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Discussion Starter · #1 ·
we've been trying to help DS with his behaviour for more than a year now. his problems are mainly at school during unsupervised play outside - he is aggressive and hits and kicks etc (seemingly out of the blue with no obvious reason). There have been some quite serious incidents. anyway, we had a meeting with his teacher this morning (felt like the most positive one we've had to date) and were discussing when his aggressive behaviour manifests itself and I was telling how he really dislikes loud noises and asks for earplugs if we are going to a concert or to the fair and he dislikes the cinema as it is too loud for him. His triggers seem to be outside on the yard (he has complained to me about the screaming and shouting); when all the children get their coats or bags (he doesn't like the pushing and shoving); when they all go to the bathroom to wash hands before lunch; if he is excited. These all seem to point to potential sensory overload problems, perhaps coupled with poor impulse control and a short temper! I have always felt that I find the classrooms at school overwhelming and a complete assault on the senses (all the colours, sounds, pictures etc.) - perhaps he is feeling the same way, although his behaviour in the classroom is very good. Do you think this might be spd? how can we best help him? we are seeing the speech, language & communication team and may be referred to an educational psychologist. I have thought about moving him to a smaller school as he hasn't been very happy and has not made any friends, but he doesn't seem so unhappy there at the moment and I don't want to make it difficult for him so that he has to start all over again somewhere new. I feel that we are just getting to know his teacher as well and there was talk of making some concessions for him, such as allowing him somewhere quiet to retreat to when he is overwhelmed. I am just so frustrated that it has taken so long to get here <img alt="" class="inlineimg" src="http://www.mothering.com/discussions/images/smilies/irked.gif" style="border:0px solid;" title="irked">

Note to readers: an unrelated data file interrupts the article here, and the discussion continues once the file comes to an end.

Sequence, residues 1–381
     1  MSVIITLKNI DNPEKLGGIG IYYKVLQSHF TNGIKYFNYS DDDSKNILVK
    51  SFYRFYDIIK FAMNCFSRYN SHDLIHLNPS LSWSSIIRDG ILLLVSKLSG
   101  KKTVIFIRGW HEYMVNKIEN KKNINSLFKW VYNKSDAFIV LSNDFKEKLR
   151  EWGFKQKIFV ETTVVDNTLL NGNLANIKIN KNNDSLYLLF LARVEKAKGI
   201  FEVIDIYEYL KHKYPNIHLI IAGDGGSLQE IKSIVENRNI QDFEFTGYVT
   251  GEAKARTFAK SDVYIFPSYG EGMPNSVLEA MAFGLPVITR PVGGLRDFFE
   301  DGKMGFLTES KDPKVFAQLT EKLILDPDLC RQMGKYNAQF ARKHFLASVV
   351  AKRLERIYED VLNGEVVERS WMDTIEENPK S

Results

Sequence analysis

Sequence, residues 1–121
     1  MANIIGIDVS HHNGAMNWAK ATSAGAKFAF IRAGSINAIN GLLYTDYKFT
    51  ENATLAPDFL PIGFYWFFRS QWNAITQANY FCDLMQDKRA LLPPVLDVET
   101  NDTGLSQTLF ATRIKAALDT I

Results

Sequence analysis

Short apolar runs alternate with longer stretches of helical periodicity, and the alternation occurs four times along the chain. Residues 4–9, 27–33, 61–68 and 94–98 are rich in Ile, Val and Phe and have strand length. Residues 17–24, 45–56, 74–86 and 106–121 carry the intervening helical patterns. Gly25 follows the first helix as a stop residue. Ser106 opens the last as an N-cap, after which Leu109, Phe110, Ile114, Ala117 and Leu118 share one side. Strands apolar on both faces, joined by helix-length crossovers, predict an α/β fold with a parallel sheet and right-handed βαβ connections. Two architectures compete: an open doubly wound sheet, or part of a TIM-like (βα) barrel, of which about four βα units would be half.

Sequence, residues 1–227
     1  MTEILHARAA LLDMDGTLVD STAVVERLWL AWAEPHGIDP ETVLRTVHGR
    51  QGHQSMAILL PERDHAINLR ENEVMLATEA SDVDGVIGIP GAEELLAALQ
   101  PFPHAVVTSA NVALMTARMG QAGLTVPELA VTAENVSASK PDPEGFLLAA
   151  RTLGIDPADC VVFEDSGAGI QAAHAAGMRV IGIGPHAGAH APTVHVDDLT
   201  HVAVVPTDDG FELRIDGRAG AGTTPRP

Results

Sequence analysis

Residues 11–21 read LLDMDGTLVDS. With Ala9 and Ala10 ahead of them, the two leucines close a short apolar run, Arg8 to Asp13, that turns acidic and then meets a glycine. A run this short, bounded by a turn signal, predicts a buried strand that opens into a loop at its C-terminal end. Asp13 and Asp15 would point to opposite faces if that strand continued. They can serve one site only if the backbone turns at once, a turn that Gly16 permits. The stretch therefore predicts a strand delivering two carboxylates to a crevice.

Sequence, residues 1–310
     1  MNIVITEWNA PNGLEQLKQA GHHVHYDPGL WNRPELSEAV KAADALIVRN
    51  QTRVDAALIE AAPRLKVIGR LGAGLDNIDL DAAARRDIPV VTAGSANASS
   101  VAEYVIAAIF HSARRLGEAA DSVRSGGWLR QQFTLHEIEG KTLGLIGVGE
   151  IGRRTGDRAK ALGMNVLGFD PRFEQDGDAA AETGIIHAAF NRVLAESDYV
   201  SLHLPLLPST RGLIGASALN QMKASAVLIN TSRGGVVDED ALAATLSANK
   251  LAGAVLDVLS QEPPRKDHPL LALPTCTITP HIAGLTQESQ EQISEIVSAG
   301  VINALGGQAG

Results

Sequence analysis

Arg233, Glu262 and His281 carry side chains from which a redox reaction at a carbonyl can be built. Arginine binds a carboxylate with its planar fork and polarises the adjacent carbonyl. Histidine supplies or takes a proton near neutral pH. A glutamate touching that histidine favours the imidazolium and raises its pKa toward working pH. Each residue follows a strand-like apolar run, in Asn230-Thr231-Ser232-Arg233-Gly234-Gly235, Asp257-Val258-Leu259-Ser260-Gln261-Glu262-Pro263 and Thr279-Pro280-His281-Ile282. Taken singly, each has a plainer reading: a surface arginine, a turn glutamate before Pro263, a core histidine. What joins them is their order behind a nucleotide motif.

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<img alt="" class="inlineimg" src="http://www.mothering.com/discussions/images/smilies/hug.gif" style="border:0px solid;" title="hug"><br><br>
It definitely sounds like sensory issues could be part (or all) of the problem.<br><br>
My favorite book on the subject is: Sensational Kids by Lucy Jane ******. I don't know if you can get it in the UK, but if you can, I'd highly recommend it. I like it because it gives specific suggestions for modifications you can make at home and school to work with your child.<br><br>
Other links that might be helpful:<br><br><a href="http://www.cacap-acpea.org/files/May05ConsiderSensoryProcessingDisordersintheExplosiveChild.pdf" target="_blank">Sensory Processing Disorder in the Explosive Child</a> (.pdf file)<br><br><a href="http://www.google.com/url?sa=t&source=web&ct=res&cd=9&ved=0CC0QFjAI&url=http%3A%2F%2Fwww.drcheng.ca%2Fpage1%2Fassets%2Fself-regulation-info_for_families.doc&ei=6DQES76fAoiyswPnj8S4Bg&usg=AFQjCNHKdgomGG94J4Gwstz32u8Tm_gc9g&sig2=OXwzA1qUJe28FwowvUU49g" target="_blank">Self Regulation, information for families</a> by Michael Cheng & Jennifer Boggett-Carsjens (word document)<br><br><a href="http://www.google.com/url?sa=t&source=web&ct=res&cd=5&ved=0CBYQFjAE&url=http%3A%2F%2Fwww.drcheng.ca%2Fpage1%2Fassets%2Fsensory_processing-school_recommendations-strategies.doc&ei=gjUES8DpDoi0sgO-l-W4BA&usg=AFQjCNGJGylnUqaGlVYChL4Th76Vayeunw&sig2=eyw5OtUr32t3Fme_PKMHRQ" target="_blank">Sensory Processing Disorders: Guidelines for Teachers</a> by Michael Cheng & Jennifer Boggett-Carsjens (word document)<br><br><a href="http://www.sensory-processing-disorder.com/problem-behavior-in-the-classroom.html" target="_blank">http://www.sensory-processing-disord...classroom.html</a><br><br><a href="http://www.sensory-processing-disorder.com/teacher-resources.html" target="_blank">http://www.sensory-processing-disord...resources.html</a>
 

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Discussion Starter · #3 ·
thank you for taking the time to post those links. I'll go and do some reading now <img alt="" class="inlineimg" src="http://www.mothering.com/discussions/images/smilies/smile.gif" style="border:0px solid;" title="smile">
 
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